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Misoprostol in gynäkologie und geburtshilfe

FIAPAC Statement
on the use of
Misoprostol in Women's Health Care
www.fiapac.org. October 2011 The prostaglandin E1 analogue is approved for the prevention and treatment of gastro-duodenal ulcers for patients being treated with non-steroidal anti-inflammatory drugs (NSAIDs) - see Table I. It has been on the market since 1985 and is approved in more than 90 countries under the brand name of Cytotec®. Misoprostol has several advantages over other prostaglandins on the market. Being an E1 analogue, it has no effect on the bronchii and the blood vessels. It can be stored at room temperature for a long time provided the aluminium blister is not opened. The 200 microgram tablets are approved for oral use, but there are numerous publications showing the effectiveness of other routes of administration such as vaginal, sublingual, buccal and rectal. The only relevant side effects in clinical practice are gastrointestinal (diarrhoea, nausea, vomiting, oral numbness), skin rash and fever, which are dose and route dependent and self-limiting. Misoprostol in women's health care Table I: Fact sheet on Misoprostol
Producer/patent holder Pfizer, US (formerly Searle) Prostaglandin E1 analogue Tablets, oral, 200 microgram (100 and 50 (vaginal) microgram tablets are available in some countries) Approved indication Prevention and treatment of gastro-duodenal ulcers for patients being treated with NSAIDs Pharmacokinetics after Absorption: rapid oral administration Tmax: 12 ± 3 minutes Terminal half-life: 20-40 minutes. First uterine contractions after 15-20 min Elimination: 80% via urine Today, there is an abundant amount of literature on the safe and effective use of misoprostol for different indications and the number of publications and amount of evidence continues to increase (see Based on the available evidence, even the British Medical Association and Royal Pharmaceutical Society recommend in the British National Formulary the use of misoprostol for unlicensed indications (Table II); a truly rare event. All evidence based guidelines recommend the use of misoprostol in various routes of administration: oral, vaginal, sublingual or buccal (5,6,10). (Table III and IV) Misoprostol is present in the WHO essential medicines list for induction of labour, medical abortion together with mifepristone where abortion is legal, and for incomplete abortion. Furthermore it is approved in some countries for post-partum haemorrhage. Misoprostol in women's health care Table II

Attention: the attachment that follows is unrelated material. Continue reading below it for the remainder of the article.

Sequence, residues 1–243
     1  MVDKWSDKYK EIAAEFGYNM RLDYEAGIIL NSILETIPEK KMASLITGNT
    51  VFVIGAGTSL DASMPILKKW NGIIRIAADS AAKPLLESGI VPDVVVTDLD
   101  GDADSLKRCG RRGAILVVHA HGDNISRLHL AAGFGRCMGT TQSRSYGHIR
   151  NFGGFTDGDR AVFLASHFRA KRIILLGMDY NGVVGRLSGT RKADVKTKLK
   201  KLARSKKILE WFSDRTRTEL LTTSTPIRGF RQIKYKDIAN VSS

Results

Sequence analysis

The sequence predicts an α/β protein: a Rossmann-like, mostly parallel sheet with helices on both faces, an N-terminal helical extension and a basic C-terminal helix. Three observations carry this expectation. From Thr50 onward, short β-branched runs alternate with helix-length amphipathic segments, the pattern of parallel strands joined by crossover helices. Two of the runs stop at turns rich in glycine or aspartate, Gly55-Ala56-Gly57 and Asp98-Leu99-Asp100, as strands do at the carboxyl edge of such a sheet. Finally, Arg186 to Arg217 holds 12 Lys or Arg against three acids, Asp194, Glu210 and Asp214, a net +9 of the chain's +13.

Citation from the British National Formulary
No. 61, March 2011
Pages 486, 488 and 489
Induction of abortion:
Misoprostol is given by mouth or by vaginal administration to induce medical abortion
(unlicensed indication).
Induction and augmentation of labour:
Misoprostol is given orally or vaginally for the induction of labour (unlicensed
Table III: Citation from the British RCOG evidence based guideline (5)
Table IV: Citation from the recent French evidence based guidelines Les études évaluant l'efficacité du misoprostol, après 200 mg de mifépristone, selon sa voie d'administration sont en faveur d'une efficacité de la voie sublinguale (hors AMM) et buccale (hors AMM) comparable à celle de la voie vaginale (hors AMM), et supérieure celle de la voie orale (hors AMM au-delà de 7 SA) jusqu'à 9 SA. Recommandations de bonne pratique - Interruption volontaire de grossesse par méthode médicamenteuse, 2010, Haute Autorité de santé, Paris The recommendations on dose and route of administration when used for medical abortion in the first and second trimester and for cervical priming prior to surgical abortion is given in the WHO safe abortion guidance as well as in the Royal College clinical practice guidelines, both of which are currently being updated. Furthermore FIGO has issued guidelines on the use of misoprostol in Obstetrics and Gynaecology which are available a(Table V) (9) In general the vaginal or sublingual application is more effective that the oral route and associated with lower incidence of side effects. Misoprostol in women's health care
Table V: Indications and regimens for use of misoprostol in obstetrics and
gynaecology. All dosages based on 200 microgram tablets. (9)